I love the idea of taking outdoor space and making it actually an extension of living space. If you have acreage–or if you cleverly use what you have–you can substantially expand your square footage of living area. The layout shown above has a good balance of yin-yang shapes (round feminine vs. square masculine). See how many circles and squares you can find. Then go look at Sunset Magazine for more images of this beautiful garden space.
In contrast, above is a photo recently featured in a house tour on Dwell.com (“Double Time“). I liked much of the house until I got to the back door and outdoor space. What a perfect opportunity for the designers to incorporate a little feng shui balance. For example, the window in the upper right hand corner of the photo could have easily have been a round one. Or, the terrace stones could have had rounded yin shapes instead of echoing all of the squares and grids (a very tired trend). What else doesn’t feel right? The step down and the fact that it is all grass. I’ll bet that back space would be utilized a lot more if the upper terrace under the roof was a solid floor (either decking, stonework, or concrete) instead of grass. What more perfect area for an outdoor living space than one like this—opportunity squandered. Do you agree? Check out the rest of the pictures at Dwell.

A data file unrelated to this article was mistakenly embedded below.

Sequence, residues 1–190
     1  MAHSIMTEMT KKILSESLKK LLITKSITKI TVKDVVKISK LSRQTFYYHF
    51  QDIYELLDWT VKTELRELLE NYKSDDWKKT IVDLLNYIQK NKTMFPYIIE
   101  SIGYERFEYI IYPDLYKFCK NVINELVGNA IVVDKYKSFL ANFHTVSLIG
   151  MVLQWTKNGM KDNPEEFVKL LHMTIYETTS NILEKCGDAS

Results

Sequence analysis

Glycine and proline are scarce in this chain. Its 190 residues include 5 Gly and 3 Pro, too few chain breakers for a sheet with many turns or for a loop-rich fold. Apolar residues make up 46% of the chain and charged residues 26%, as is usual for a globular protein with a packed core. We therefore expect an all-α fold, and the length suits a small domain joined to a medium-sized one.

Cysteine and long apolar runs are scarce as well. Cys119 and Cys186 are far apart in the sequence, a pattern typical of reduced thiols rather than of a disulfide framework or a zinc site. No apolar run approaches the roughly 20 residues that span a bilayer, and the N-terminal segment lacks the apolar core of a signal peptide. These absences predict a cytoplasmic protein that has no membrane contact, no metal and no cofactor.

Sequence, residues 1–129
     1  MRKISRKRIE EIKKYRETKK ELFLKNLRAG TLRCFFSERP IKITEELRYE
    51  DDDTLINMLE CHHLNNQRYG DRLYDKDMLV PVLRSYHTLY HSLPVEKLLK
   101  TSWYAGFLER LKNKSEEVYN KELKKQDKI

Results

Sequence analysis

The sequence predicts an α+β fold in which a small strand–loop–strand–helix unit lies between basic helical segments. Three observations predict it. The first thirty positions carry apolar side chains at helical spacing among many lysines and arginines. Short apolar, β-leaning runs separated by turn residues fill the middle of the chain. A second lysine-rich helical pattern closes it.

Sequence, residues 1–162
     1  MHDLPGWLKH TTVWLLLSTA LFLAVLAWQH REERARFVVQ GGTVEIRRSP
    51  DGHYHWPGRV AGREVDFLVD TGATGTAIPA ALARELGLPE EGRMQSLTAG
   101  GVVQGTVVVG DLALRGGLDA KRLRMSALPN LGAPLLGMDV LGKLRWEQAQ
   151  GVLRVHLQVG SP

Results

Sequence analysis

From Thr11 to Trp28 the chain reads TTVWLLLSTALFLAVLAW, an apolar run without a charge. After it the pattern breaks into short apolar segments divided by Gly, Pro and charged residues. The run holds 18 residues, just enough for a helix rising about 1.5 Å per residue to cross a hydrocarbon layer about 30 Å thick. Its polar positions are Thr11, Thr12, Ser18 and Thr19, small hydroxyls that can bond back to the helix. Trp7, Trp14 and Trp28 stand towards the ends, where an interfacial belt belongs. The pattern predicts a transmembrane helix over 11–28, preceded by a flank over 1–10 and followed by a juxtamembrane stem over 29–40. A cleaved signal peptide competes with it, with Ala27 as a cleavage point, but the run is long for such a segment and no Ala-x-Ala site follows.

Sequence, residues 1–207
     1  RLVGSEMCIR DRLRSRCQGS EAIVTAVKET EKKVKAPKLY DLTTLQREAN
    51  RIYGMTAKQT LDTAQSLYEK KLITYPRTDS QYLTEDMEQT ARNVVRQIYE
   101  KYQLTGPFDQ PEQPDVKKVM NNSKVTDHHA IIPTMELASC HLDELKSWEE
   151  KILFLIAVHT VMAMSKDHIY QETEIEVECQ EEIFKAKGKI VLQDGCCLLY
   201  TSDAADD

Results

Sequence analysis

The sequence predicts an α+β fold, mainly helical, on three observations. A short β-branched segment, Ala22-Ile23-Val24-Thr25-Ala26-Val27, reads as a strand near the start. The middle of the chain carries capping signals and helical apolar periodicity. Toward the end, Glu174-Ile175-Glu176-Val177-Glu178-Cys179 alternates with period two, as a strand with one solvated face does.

I like the use of wood, earth (slate tiles), fire (hot pink tablecloth) and I’m hoping they have some metal and some water feature that is off camera. This is another patio example seen at Sunset Magazine. I also want to point out the wonderful use of vines crawling up the corner of the house. This is a great example of using plants to eliminate/solve/cure a feng shui problem known as a knife edge. All corners jutting outward create knife edges. It’s not a problem unless you plan to sit or sleep in front of one. This one was completely neutralized by the rounded leaved plants growing up and concealing it.